ES Program ReviewFaculty
- Course Validation
- Course Revalidation
- Course Development
- Assessment Concepts
- Assessment Rubrics
- Student Petitions
- History of ES
Goals of Essential Studies at UND
At the same time as you select courses across the four broad fields of Communication, Social Sciences, Arts & Humanities, and Math/Science/Technology, you will be choosing courses that are designed to help you achieve the following goals.
Thinking and Reasoning
You should be able to use a variety of thinking and reasoning skills, apply these skills as appropriate in various situations, and move among them depending on purpose.
Rationale: The ability to call on a variety of thinking and reasoning skills and choose among them in order to accomplish a range of civic, professional, and personal tasks is a core hallmark of an educated person. By the time you complete your ES courses, you will have encountered opportunities to practice various kinds of thinking and reasoning skills, including critical thinking, quantitative reasoning, and creative thinking.
You will improve your critical thinking skills when your ES courses ask you to do the following:
- Synthesize and analyze texts, issues, or problems.
- Evaluate the logic, validity, and relevance of arguments.
- Come to reasoned conclusions or resolutions to problems that includes foreseeing ethical ramifications of choices, broader implications of actions, and alternative solutions.
You will improve your quantitative reasoning skills when your ES courses ask you to do the following:
- Apply empirical data to a special problem or issue.
- Draw conclusions based on quantitative information.
- Analyze graphical information and use it to solve problems.
You will improve your creative thinking skills when your ES courses ask you to do the following:
- Explore alternate and potentially divergent perspectives on an idea, process, experience, or object.
- Discover ways to confront complex or ambiguous problems, make new connections, and see how things could be otherwise.
- Engage in creative practice as a means to develop aesthetic understanding.
You should be able to write and speak in civic, academic, and professional settings with a sense of purpose and audience.
Rationale: Communicating skillfully involves learning the conventions associated with writing and speaking and learning to write and to speak clearly to diverse audiences.
You will improve your communication skills when your ES courses ask you to practice the following, in written or oral assignments:
- Present information, express ideas, or construct arguments for particular purposes and audiences.
- Use critical thinking skills of analysis, synthesis, and evaluation to create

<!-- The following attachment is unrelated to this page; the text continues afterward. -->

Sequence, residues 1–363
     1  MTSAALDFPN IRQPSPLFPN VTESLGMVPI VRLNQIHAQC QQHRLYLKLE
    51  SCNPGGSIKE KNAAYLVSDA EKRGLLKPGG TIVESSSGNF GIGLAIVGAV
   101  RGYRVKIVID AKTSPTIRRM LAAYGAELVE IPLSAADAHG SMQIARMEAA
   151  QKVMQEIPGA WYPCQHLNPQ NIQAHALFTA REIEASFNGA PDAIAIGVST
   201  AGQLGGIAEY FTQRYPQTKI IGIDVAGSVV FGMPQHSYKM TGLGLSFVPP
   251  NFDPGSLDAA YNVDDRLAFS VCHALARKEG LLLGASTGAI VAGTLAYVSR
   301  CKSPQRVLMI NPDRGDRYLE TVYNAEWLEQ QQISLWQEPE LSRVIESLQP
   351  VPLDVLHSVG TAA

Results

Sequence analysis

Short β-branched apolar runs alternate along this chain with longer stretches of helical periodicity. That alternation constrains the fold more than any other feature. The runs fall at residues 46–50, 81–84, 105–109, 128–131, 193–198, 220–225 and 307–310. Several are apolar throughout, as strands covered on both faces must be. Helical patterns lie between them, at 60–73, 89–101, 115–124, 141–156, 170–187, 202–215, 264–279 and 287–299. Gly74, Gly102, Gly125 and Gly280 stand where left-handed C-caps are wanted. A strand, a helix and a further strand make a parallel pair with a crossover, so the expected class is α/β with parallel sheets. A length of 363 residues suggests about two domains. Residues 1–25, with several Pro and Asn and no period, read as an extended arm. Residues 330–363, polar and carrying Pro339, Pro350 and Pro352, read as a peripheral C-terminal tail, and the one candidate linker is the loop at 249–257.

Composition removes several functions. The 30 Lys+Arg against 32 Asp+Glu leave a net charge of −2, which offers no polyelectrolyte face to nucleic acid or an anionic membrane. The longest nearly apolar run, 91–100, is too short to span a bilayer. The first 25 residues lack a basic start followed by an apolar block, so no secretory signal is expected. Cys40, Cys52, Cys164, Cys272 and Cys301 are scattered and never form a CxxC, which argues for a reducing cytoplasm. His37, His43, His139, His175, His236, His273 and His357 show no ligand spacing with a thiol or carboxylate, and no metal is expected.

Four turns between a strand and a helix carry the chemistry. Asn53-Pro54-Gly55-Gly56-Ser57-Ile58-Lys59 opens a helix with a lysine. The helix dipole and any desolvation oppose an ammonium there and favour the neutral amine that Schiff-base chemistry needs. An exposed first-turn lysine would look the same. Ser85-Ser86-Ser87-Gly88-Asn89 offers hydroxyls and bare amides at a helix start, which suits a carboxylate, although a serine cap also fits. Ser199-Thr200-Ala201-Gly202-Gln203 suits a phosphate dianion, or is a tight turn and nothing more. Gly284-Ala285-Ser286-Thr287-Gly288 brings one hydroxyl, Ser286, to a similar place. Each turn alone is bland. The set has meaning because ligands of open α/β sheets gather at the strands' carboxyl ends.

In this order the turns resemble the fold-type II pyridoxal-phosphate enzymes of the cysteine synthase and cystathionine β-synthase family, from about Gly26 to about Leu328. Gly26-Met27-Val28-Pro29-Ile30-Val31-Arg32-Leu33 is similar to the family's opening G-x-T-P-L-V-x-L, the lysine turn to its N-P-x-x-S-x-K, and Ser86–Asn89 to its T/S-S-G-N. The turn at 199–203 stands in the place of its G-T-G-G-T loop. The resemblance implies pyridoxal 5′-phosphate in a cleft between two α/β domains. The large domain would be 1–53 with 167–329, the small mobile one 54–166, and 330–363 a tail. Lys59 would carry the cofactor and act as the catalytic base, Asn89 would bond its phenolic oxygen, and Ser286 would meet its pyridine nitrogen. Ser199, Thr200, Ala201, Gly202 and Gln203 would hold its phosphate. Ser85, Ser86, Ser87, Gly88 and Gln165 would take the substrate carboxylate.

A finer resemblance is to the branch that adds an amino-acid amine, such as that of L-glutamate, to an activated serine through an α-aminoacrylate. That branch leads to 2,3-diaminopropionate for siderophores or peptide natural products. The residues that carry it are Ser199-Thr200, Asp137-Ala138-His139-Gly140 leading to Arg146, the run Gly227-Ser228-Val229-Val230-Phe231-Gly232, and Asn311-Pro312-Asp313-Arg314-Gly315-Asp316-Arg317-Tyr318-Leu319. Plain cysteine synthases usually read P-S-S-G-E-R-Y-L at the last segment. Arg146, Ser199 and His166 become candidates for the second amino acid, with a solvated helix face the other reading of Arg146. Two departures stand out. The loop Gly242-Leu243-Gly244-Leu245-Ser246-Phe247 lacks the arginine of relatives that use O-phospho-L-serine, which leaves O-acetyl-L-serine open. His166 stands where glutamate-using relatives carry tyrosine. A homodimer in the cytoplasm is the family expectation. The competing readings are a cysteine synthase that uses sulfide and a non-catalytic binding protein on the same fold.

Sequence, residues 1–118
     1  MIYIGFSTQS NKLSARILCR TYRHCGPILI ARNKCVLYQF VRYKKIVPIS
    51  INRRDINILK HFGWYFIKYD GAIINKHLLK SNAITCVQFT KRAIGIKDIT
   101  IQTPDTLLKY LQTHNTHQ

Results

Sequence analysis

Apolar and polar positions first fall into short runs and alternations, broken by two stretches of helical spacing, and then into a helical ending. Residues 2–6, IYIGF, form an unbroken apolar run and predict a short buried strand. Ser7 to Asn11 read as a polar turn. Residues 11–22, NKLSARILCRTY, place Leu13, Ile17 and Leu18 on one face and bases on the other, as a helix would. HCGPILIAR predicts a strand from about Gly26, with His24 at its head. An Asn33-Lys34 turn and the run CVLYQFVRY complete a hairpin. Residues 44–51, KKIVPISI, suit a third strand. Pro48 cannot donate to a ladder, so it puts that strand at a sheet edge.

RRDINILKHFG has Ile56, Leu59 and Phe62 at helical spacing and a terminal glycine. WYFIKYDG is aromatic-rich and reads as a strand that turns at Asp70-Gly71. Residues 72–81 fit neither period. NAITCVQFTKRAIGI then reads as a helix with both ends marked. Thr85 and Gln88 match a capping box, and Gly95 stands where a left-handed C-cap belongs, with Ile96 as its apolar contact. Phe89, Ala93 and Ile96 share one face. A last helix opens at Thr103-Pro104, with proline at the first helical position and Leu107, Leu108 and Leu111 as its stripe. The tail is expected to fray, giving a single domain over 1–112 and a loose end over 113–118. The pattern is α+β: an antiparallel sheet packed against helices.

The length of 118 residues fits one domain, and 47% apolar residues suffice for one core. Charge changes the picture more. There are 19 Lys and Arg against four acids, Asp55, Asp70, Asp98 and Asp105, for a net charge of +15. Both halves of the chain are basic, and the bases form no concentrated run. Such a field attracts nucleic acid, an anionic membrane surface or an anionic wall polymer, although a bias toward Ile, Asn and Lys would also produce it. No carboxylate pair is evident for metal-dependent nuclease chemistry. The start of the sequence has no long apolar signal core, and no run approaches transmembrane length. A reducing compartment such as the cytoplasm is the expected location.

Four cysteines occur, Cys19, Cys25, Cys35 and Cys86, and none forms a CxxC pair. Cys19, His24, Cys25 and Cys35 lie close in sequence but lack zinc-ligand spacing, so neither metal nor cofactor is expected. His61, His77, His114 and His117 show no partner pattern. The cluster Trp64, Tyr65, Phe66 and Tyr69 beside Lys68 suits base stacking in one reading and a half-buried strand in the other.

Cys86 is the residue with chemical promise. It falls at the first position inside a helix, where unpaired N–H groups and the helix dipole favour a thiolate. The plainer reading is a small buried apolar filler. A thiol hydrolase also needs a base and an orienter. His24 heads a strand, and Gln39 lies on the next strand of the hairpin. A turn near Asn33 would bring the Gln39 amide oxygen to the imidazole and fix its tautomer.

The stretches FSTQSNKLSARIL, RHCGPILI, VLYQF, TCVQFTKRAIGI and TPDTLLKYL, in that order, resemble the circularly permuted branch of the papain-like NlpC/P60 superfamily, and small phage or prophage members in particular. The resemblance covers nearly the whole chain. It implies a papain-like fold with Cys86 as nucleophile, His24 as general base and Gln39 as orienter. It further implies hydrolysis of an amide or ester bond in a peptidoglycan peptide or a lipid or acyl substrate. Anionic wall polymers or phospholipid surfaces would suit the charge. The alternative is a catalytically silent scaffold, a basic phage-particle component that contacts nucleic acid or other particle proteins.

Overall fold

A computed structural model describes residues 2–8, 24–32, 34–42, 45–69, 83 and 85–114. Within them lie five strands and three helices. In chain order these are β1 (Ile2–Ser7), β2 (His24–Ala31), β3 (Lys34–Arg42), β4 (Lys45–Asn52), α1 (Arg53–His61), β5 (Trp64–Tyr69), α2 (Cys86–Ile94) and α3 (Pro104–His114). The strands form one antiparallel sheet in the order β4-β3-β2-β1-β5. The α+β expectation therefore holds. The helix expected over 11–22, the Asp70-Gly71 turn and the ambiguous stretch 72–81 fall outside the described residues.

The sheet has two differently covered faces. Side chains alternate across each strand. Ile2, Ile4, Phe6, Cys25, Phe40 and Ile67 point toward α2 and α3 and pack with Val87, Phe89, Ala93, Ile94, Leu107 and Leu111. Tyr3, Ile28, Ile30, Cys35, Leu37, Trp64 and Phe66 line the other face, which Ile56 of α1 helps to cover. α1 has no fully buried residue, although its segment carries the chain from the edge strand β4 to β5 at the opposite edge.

- effective written or oral presentations.
- Present research, cite sources, and format documents in ways that are consistent with different disciplinary standards.
You should be able to access and evaluate information for effective, efficient, and ethical use in a variety of contexts.
Rationale: Information comes from many different sources, appears in many different formats, and is used for varied purposes. It is important to be able to access information, understand factors that influence its creation and application, and use it effectively and appropriately.
You will improve your information literacy skills when your ES courses ask you to practice the following:
- Access needed information effectively, efficiently, ethically, and legally.
- Evaluate the credibility of information and its sources.
- Use information to effectively and ethically accomplish a specific purpose.
You should be able to demonstrate understanding of social-cultural diversity and use that understanding to address issues, solve problems, and shape civic, personal, and professional behavior.
Rationale: Because the United States is becoming a more diverse society in a multicultural world, it is important to understand and appreciate social and cultural differences; given the North Dakota Century Code designation of a special mission for UND in education about American Indian cultures and histories, it is especially appropriate for students to consider courses in that area.
You will improve your understanding of and appreciation for diversity when your ES courses ask you to practice the following:
- Use concepts like culture, difference, and diversity.
- Recognize your own diversity in relationship to the larger society, and understand and respect the social-cultural diversity of others.
- Analyze and apply knowledge about diversity to domestic and global issues.